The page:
Biofilm, Volume 6, Paper 1 (BF01001) 2001
Visualisation of the establishment of a heterotrophic biofilm within the schmutzdecke of a slow sand filter using scanning electron microscopy
Samantha P. Law1*, Maureen M.A.L. Melvin1 and Andrew J. Lamb2
1School of Applied Sciences, The Robert Gordon University, St. Andrew Street, Aberdeen AB25 1HG, UK.
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*Corresponding author - E-mail: email@example.com
Received: July 10th 2001
Code Number: BF01001
The unique feature of slow sand filters is the schmutzdecke, a biofilm formed at the sand - water interface. Scanning electron microscopy was used to observe the surface of sand obtained from the schmutzdecke of a newly seeded and a mature slow sand filter. The complex nature of the biofilm formed on the sand was observed. A distinct difference was seen between the freshly seeded schmutzdecke compared to the schmutzdecke from a mature filter. It was found that a larger amount of extracellular matrix was present within the schmutzdecke removed from a mature filter. The images obtained show that sand, at the sand-water interface of slow sand filters, offers an attractive environment for the colonisation of a variety of micro-organisms including diatoms, algae, bacteria and their extracellular products.
Keywords: biofilm, schmutzdecke, slow sand filtration, scanning electron microscopy
In slow sand filtration, water percolates slowly through a porous sand bed (Visscher, 1990) allowing the production of potable water by a combination of physical -chemical and biological particulate removal mechanisms (Weber-Shirk and Dick, 1997). The unique feature of slow sand filters is the 'schmutzdecke' that forms at the sand - water interface on the surface of the sandbed, which acts as an interface for biofilm development. It consists of bacteria, algae, protozoa, invertebrates and certain extracellular products. The schmutzdecke removes natural organic matter, transforms synthetic organic compounds and retains pathogens, producing microbiologically safe potable water.
In the Grampian region of Scotland, water is extracted from the River Dee, as it is a water of excellent quality (Mellanby, 1990). Like all waters from upland sources, it can become discoloured during heavy rainfall. This is due to the presence of recalcitrant natural organic matter, mainly humic and fulvic substances, which are large molecular weight compounds that cannot readily be biodegraded and are therefore not removed by the schmutzdecke.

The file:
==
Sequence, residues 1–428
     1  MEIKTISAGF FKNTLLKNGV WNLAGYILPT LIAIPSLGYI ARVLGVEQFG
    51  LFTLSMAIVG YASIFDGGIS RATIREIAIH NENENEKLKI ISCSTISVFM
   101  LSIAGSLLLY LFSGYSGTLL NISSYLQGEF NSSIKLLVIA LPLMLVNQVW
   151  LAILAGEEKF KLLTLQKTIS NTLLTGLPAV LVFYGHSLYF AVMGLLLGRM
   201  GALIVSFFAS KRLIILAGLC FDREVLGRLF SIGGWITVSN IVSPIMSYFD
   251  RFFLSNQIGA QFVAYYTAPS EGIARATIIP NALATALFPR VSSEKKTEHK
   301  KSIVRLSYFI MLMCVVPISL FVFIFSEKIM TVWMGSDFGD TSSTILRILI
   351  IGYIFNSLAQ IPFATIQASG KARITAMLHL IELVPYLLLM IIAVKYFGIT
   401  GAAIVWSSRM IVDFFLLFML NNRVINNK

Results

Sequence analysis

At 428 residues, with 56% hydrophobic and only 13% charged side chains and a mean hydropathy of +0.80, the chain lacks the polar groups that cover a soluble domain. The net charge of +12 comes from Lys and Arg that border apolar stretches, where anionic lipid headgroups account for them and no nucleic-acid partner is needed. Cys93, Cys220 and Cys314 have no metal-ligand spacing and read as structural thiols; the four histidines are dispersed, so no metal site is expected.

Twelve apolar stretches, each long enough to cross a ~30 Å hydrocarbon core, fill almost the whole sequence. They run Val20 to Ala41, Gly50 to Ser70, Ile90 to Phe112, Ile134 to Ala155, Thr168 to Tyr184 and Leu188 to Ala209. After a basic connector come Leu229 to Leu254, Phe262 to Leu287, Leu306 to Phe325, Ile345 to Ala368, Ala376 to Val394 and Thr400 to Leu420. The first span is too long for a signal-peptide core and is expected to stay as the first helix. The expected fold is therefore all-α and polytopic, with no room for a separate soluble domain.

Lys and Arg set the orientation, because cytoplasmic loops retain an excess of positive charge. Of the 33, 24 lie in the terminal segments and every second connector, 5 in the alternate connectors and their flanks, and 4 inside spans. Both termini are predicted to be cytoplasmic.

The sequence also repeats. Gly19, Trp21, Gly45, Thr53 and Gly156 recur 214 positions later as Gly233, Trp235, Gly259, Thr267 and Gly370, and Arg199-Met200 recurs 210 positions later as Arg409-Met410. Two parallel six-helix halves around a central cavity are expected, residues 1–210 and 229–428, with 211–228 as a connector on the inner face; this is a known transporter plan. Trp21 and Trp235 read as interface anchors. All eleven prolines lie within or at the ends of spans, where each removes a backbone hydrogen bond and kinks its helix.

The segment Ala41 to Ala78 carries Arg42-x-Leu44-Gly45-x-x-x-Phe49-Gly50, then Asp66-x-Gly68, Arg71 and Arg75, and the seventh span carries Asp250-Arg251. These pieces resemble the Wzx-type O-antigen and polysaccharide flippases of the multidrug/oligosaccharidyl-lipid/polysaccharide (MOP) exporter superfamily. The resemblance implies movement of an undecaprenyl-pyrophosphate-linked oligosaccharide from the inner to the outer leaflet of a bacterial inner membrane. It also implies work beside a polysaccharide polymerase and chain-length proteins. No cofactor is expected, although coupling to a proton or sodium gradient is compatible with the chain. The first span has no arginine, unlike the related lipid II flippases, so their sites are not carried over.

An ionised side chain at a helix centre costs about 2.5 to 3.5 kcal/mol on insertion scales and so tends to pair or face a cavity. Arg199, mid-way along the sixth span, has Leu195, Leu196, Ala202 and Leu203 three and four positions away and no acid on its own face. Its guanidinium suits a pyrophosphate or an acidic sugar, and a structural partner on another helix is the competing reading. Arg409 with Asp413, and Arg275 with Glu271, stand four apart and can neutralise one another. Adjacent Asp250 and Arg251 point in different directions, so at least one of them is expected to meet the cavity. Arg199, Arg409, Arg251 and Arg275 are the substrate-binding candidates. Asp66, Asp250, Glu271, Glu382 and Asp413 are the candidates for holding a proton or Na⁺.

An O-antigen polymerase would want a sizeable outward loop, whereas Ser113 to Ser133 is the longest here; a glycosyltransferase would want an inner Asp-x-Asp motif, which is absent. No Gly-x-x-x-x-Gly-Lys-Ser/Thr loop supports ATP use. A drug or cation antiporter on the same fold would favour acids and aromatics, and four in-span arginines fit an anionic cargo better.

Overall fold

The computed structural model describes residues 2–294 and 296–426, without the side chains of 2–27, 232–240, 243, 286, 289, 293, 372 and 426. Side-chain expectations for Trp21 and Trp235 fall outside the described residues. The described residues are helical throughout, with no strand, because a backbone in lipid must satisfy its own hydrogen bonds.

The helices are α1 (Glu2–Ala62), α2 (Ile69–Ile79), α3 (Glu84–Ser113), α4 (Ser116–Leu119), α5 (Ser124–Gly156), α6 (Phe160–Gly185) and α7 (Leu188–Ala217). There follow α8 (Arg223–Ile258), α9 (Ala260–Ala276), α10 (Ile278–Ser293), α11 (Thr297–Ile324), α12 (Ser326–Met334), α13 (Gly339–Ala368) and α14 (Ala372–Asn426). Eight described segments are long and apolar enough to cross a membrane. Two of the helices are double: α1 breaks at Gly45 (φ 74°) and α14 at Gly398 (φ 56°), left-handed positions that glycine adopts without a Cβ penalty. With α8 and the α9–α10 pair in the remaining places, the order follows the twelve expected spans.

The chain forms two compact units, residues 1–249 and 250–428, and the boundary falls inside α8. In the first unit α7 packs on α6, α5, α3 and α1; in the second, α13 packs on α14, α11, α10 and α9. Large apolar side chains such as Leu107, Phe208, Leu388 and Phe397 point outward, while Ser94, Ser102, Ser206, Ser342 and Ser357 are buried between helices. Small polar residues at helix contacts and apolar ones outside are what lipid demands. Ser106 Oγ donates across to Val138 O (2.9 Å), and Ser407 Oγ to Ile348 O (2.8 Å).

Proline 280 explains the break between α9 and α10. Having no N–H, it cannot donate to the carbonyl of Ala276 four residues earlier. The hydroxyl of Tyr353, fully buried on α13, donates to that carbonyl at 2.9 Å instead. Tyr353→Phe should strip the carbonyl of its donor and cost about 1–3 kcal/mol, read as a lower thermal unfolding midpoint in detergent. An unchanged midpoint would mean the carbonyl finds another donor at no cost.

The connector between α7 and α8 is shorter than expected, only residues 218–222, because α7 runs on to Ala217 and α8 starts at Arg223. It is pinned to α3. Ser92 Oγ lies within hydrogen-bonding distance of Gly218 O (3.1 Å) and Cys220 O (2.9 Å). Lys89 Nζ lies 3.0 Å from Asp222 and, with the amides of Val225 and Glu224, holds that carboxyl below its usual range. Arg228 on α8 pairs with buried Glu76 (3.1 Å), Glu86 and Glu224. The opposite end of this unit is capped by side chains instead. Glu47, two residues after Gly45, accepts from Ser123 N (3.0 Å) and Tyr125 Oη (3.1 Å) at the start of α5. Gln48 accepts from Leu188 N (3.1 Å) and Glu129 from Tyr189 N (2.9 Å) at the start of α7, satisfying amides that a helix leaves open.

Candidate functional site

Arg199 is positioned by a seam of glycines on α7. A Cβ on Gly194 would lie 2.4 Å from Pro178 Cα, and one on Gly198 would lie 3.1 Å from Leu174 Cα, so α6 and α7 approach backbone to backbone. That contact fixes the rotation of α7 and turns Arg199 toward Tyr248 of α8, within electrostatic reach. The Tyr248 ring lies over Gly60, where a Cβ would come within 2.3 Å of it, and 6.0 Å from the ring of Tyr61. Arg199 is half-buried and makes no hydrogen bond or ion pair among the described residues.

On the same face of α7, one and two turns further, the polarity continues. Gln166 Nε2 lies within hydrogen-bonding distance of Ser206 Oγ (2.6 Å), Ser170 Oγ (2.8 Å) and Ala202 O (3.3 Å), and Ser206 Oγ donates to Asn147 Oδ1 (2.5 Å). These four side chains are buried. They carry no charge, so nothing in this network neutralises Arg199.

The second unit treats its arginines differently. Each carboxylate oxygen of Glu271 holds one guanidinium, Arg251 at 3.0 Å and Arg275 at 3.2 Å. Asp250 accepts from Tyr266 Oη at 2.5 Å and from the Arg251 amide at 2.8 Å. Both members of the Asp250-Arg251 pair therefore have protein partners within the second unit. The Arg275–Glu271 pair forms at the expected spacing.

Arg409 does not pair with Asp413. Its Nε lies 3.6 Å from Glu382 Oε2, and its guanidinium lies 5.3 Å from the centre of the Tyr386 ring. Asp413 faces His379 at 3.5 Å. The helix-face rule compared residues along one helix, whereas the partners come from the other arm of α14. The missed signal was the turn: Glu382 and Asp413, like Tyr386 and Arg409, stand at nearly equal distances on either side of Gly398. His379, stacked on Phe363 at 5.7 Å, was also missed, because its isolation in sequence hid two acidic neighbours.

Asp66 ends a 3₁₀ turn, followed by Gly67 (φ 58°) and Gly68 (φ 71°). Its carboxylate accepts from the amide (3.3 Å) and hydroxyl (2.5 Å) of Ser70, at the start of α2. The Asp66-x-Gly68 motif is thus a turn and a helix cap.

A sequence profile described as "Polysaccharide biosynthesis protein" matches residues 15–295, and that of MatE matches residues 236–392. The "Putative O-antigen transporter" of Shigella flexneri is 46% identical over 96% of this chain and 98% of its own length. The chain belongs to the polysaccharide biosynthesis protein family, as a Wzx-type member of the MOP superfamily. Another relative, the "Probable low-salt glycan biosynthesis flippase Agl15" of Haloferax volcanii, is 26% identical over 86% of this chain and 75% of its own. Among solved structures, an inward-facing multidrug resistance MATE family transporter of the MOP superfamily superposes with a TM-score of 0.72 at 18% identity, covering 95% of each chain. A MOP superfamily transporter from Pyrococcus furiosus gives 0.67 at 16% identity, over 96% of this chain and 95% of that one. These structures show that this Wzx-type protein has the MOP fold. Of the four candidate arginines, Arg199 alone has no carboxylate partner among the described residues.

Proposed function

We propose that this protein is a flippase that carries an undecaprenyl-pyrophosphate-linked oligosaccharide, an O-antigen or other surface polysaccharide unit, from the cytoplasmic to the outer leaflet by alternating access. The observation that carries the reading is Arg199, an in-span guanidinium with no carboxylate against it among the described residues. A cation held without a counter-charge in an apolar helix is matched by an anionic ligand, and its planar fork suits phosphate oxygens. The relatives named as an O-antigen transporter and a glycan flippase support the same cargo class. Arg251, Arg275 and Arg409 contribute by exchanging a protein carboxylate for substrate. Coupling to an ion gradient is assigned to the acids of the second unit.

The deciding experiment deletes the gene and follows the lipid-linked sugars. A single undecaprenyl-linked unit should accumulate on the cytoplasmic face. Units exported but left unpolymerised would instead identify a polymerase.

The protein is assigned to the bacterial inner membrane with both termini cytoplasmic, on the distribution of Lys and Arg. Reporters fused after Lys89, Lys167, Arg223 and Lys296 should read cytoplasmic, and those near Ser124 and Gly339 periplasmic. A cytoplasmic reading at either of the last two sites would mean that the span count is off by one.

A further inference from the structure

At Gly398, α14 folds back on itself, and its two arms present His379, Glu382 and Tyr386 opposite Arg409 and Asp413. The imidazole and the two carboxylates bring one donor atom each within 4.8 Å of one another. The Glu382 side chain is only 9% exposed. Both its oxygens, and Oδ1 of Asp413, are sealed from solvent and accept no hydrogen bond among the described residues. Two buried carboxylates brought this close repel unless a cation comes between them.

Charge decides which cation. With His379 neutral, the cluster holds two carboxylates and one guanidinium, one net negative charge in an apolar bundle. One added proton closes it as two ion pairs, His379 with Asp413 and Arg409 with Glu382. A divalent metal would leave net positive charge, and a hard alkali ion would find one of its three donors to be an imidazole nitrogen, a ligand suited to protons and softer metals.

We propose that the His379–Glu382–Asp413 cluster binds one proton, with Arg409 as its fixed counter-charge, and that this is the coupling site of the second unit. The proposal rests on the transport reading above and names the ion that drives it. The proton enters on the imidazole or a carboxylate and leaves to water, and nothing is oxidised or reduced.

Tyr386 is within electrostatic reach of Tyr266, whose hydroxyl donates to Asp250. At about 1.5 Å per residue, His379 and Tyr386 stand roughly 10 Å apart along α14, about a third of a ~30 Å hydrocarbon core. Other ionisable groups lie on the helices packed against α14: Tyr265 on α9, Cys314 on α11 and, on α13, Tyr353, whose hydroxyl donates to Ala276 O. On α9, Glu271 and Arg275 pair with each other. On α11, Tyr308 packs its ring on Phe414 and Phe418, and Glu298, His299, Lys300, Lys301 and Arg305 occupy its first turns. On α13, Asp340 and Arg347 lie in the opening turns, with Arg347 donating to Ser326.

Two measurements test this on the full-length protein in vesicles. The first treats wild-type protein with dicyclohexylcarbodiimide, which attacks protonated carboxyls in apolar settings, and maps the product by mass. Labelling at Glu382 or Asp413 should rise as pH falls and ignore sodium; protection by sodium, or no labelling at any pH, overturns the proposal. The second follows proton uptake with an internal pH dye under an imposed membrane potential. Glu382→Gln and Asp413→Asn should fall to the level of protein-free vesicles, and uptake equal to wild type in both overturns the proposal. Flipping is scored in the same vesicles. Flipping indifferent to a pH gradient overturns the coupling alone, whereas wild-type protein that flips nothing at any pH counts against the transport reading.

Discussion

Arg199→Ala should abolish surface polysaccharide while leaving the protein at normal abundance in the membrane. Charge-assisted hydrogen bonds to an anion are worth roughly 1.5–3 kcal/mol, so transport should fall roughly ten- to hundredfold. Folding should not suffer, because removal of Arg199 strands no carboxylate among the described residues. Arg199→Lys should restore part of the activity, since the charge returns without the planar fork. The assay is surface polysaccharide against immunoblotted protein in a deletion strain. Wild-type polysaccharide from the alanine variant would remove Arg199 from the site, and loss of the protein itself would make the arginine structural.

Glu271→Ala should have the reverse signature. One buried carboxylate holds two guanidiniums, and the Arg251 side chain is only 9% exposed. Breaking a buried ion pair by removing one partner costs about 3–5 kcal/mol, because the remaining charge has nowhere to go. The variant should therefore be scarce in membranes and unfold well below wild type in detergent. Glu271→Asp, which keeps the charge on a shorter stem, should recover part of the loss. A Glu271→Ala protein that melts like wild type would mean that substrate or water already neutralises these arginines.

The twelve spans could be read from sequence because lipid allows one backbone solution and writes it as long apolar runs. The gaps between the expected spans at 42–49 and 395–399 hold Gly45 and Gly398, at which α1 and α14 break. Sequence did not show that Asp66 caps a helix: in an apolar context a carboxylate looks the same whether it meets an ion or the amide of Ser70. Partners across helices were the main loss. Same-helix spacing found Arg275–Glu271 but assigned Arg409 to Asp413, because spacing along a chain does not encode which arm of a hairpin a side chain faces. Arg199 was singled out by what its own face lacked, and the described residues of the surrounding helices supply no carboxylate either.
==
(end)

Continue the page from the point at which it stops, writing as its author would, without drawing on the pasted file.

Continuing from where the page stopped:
To produce an aesthetically pleasing drinking water, the discoloration of the river water is removed prior to filtration by using ozone, a powerful oxidant. The high molecular weight, poorly biodegradable humic and fulvic substances present are oxidised into biodegradable, low molecular weight compounds (Melin and Odegaard, 1999). Therefore, ozonation increases the biodegradable organic carbon content of the raw water, encouraging the growth of heterotrophic micro-organisms within the schmutzdecke. The schmutzdecke represents a zone of nutritional affluence in a surrounding sea of relative poverty (Sutherland, 1983) as the micro-organisms present at the sand - water interface receive a constant source of nutrient rich water.
Scanning electron microscopy (SEM) is an invaluable method to determine the diversity of micro-organisms attached to the sand surface and was used to observe the physical relationships between the sand surface and schmutzdecke (biofilm) development. The establishment of the heterogeneous biofilm was determined by observing the differences between a freshly seeded and a mature schmutzdecke.
This method, developed for the SEM analysis of micro-organisms, is simple, relatively inexpensive and rapid. Importantly this method also avoids the use of the toxic reagents cacodylic acid and osmium tetroxide.
Schmutzdecke samples were collected from a 1 day and 40 day old filters at Invercannie water treatment works by removing approximately100g of the top layer of sand, one meter from the side of the filter to avoid any side-wall effects (Yordanov et al, 1999). Schmutzdecke samples washed in nitric acid were used as a control in SEM analysis.
During the procedure, great care was taken in the preparation of these samples in order to prevent damage to biological material and the formation of artefacts or unrecognisable features. The schmutzdecke samples were fixed in 5% gluteraldehyde (5% v/v 0.1M phosphate buffer, pH 7.4) for 3 hours, rinsed twice in 0.1M phosphate buffer, pH 7.4, then post-fixed in a 2% gluteraldehyde - 3% formaldehyde solution (v/v 0.1M phosphate buffer, pH 7.4) for 1 hour. The combination of these aldehydes provided a good quality of fixation as formaldehyde rapidly penetrates tissues stabilising the structure of biological material whilst gluteraldhyde permanently fixes the sample.